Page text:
FOUR ONLINE CANADIAN LITERARY JOURNALS YOU SHOULD KNOW ABOUT
It seems not too long ago that online literary journals were poor cousins to their established counterparts in print. In the age of dial-up connections and primitive web design, when almost everyone had a website on GeoCities or Angelfire, many writers considered online publishing to be crude and second rate. And who could blame them?
But times have changed, and online literary journals have come a long way. While Canada still boasts many fine and venerable print journals like Grain, Prism International, and The Fiddlehead, magazines I urge everyone to read, online literary journals are no longer the red-headed stepchildren of our literary family tree.
Leading the pack are four online journals that combine editorial savvy with design smarts to create a package that is readable in all the ways that matter.
According to its homepage, "ditch, is a Canadian online poetry magazine celebrating the innovative, the non-conforming, the radical, the alternative, the surreal, the avant-garde, the non-linear, the abstract, the experimental."
In the current issue, look for work by Canadians Camille Martin, Meredith Quartermain, and Sandy Pool along with contributions by writers from around the world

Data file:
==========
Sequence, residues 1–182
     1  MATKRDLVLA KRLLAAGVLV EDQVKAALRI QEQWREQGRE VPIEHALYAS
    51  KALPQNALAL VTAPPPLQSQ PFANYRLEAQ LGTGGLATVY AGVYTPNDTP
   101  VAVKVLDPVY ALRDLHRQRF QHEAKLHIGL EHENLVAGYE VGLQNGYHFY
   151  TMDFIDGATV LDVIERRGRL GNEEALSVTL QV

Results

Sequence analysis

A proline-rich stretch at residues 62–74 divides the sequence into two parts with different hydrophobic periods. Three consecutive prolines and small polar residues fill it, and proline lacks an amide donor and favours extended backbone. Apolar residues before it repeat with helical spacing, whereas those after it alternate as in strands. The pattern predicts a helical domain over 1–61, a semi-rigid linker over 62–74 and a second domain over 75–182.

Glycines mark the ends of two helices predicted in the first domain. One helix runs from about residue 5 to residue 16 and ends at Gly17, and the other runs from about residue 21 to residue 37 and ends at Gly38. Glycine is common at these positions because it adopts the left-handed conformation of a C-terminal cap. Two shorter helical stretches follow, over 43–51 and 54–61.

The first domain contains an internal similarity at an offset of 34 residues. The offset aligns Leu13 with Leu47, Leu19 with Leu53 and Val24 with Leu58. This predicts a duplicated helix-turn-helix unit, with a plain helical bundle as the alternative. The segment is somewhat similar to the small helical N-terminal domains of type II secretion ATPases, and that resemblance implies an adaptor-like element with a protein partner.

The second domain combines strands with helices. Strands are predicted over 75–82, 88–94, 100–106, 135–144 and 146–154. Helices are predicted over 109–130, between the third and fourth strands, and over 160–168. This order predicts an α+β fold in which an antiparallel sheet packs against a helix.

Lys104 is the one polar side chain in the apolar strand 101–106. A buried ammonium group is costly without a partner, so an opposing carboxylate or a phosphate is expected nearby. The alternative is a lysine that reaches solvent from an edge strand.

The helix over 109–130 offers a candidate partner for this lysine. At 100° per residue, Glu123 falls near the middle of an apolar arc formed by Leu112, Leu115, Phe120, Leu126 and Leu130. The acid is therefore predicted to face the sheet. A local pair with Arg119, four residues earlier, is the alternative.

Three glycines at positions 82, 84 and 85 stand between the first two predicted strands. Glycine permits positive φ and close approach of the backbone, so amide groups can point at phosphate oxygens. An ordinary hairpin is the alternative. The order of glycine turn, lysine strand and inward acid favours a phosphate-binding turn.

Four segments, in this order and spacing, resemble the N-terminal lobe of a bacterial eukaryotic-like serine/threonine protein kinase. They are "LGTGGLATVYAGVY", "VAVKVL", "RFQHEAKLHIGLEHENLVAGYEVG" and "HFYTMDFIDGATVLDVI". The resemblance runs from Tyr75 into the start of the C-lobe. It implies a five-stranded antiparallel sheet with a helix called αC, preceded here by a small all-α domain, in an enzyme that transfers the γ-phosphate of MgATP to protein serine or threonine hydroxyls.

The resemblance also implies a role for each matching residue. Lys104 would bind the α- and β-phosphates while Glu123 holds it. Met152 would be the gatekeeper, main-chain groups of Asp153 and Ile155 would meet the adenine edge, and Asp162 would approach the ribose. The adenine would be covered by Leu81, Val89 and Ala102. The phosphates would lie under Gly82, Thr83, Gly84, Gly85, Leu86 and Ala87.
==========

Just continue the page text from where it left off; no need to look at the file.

Forget publishes poetry, fiction and commentary. The current issue, which (full disclosure) features two poems by me, celebrates its ninth anniversary.
Also in the current issue, look for work by Alayna Munce and recent Governor General's Award nominee Sachiko Murakami.
Originally started by Toronto writer Emily Schultz to promote her novel of the same name, Joyland has blossomed into a truly remarkable literary playground. From Schultz's novel, the site moved its focus to short fiction from Toronto, and then expanded operations to include franchises across North America.
In the current issue(s), look for work by Andrew Kaufman, Michael Lapointe, and Ruth Galm.
The Puritan describes itself as "an online, quarterly publication based in Toronto, Ontario committed to publishing the best in new fiction, poetry, interviews, and reviews." Specifically, its mission is to publish what it calls "pioneering" literature, though it seems to have a broad definition of what that term means. This is a good thing, since variety is the spice of lit.
In the current issue, look for work by Jim Smith, Emily Schultz, and Marcus McCann.